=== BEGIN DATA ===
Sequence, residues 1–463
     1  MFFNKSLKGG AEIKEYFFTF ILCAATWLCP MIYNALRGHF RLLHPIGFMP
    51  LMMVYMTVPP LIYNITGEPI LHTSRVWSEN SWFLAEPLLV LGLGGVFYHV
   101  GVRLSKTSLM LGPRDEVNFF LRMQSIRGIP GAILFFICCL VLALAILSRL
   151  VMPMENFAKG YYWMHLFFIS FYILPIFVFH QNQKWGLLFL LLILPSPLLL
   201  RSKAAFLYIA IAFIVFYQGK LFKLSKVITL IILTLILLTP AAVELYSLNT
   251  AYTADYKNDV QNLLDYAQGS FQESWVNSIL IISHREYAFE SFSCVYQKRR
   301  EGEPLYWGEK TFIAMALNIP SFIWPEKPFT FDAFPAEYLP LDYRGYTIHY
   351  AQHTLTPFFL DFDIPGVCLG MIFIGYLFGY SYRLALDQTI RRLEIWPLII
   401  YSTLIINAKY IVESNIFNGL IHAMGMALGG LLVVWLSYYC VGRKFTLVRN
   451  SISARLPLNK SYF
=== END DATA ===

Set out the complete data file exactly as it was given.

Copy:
Sequence, residues 1–463
     1  MFFNKSLKGG AEIKEYFFTF ILCAATWLCP MIYNALRGHF RLLHPIGFMP
    51  LMMVYMTVPP LIYNITGEPI LHTSRVWSEN SWFLAEPLLV LGLGGVFYHV
   101  GVRLSKTSLM LGPRDEVNFF LRMQSIRGIP GAILFFICCL VLALAILSRL
   151  VMPMENFAKG YYWMHLFFIS FYILPIFVFH QNQKWGLLFL LLILPSPLLL
   201  RSKAAFLYIA IAFIVFYQGK LFKLSKVITL IILTLILLTP AAVELYSLNT
   251  AYTADYKNDV QNLLDYAQGS FQESWVNSIL IISHREYAFE SFSCVYQKRR
   301  EGEPLYWGEK TFIAMALNIP SFIWPEKPFT FDAFPAEYLP LDYRGYTIHY
   351  AQHTLTPFFL DFDIPGVCLG MIFIGYLFGY SYRLALDQTI RRLEIWPLII
   401  YSTLIINAKY IVESNIFNGL IHAMGMALGG LLVVWLSYYC VGRKFTLVRN
   451  SISARLPLNK SYF